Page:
centre in the north-east.

The wealth here originally came
from heavy industry, but now the government is hoping
a new middle class can help transform the economy to one
built on consumption, technology, and services.

(MUSIC) Instead, more signs of stagnation
everywhere you look.

This was meant to be cheap public
housing but it lies abandoned. So we're actually in Shenyang City
and there's 55 buildings here, something like 15,000 apartments, something like 15,000 apartments, and problem is there's many more
like this in this city.

The slowdown is starting
to take a human toll. Many in Shenyang start the day
with the hope of finding work. One of them is Ma Jian,
a former construction worker. He hasn't had a job in 10 days
and is getting desperate.

The days of getting a job
with cradle to grave care at a state owned enterprise
are over for these men.

They now come to this itinerant
labour market and hustle for a day's work. If they're lucky
they'll be put into a van and taken to earn $20 a day. Thousands come here every day
looking for work and you can see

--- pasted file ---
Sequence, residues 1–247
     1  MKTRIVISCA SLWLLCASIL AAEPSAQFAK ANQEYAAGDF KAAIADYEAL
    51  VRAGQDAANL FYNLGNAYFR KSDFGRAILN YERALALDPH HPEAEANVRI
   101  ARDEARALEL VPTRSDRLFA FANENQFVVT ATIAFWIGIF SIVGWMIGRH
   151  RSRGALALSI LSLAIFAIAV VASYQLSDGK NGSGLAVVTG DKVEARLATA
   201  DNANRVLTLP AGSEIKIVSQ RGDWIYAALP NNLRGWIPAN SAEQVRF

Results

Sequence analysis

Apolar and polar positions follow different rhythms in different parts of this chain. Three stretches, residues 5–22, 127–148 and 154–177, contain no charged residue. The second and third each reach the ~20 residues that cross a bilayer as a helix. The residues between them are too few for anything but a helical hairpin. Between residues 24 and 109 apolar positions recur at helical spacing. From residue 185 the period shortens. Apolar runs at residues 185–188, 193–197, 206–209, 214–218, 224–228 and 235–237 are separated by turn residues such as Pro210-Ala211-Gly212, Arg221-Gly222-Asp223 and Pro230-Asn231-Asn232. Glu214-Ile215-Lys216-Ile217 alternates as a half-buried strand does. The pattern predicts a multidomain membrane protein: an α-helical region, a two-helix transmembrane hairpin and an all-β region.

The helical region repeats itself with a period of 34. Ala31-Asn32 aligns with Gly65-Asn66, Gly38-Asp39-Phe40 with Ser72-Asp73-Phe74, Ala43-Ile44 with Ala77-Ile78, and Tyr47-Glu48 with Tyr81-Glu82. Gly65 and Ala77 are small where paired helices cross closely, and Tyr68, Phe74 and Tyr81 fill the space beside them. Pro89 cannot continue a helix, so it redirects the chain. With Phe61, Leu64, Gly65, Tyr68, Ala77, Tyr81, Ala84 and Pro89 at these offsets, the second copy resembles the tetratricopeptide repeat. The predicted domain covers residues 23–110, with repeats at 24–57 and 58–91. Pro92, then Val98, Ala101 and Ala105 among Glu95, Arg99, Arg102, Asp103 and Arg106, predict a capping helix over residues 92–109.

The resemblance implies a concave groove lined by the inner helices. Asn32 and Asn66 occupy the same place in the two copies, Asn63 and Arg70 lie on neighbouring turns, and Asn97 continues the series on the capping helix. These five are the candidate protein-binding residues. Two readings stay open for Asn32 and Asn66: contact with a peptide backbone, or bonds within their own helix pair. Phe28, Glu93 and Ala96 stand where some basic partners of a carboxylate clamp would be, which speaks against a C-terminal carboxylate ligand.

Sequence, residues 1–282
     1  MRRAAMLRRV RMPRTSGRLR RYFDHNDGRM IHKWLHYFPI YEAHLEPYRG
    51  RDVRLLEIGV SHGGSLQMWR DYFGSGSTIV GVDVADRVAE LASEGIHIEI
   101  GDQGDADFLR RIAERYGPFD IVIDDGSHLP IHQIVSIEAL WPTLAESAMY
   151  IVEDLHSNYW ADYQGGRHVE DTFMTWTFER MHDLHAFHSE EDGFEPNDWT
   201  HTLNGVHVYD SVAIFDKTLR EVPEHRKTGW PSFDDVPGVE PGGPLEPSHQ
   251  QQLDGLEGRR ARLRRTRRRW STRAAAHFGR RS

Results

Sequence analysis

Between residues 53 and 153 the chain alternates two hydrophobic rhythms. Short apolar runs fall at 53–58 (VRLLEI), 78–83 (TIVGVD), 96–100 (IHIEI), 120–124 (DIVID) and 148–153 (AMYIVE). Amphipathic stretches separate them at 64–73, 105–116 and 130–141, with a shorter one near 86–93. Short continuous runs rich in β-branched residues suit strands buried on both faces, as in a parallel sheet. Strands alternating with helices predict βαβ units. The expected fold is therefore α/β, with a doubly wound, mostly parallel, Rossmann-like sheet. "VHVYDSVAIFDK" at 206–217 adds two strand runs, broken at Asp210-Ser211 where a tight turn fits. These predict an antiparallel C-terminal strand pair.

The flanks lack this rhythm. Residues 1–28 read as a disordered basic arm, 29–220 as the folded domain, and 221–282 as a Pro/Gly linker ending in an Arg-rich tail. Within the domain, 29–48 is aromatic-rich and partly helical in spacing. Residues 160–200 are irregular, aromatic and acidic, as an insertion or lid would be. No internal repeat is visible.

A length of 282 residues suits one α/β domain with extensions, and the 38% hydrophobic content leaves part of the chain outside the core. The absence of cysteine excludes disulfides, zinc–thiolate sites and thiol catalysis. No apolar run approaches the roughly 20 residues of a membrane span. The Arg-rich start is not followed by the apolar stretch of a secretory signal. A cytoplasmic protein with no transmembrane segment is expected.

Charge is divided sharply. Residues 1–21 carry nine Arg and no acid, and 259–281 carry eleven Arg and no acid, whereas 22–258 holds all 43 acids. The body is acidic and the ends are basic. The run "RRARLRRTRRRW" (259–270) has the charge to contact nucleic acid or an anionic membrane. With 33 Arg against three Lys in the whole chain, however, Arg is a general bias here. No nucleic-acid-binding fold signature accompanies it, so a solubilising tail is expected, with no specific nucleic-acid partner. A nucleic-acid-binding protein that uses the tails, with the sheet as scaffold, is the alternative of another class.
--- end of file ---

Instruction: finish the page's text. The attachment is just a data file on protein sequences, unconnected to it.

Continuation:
the anger and desperation here. Really, they say,
the government is not helping and they are doing nothing for them and that the party officials
are only helping themselves.

Yao Mingjun was a coal miner
for 33 years before he was forced
into early retirement.

It's only going to get worse,
but how bad is hard to know. The government won't reveal true
unemployment figures, but it has said another six million will lose their jobs
in coal and steel.

For an 11th day, Ma Jian
doesn't get any work.

He and coalminer Yao Mingjun agree
to show us where they live.

They move around sleeping
in temporary accommodation as they chase work. They get a bed here
for a dollar a night.

About 20 will bunk in this small
apartment every night, not knowing where the next job
or meal will come from. A new underclass is emerging and it poses a huge threat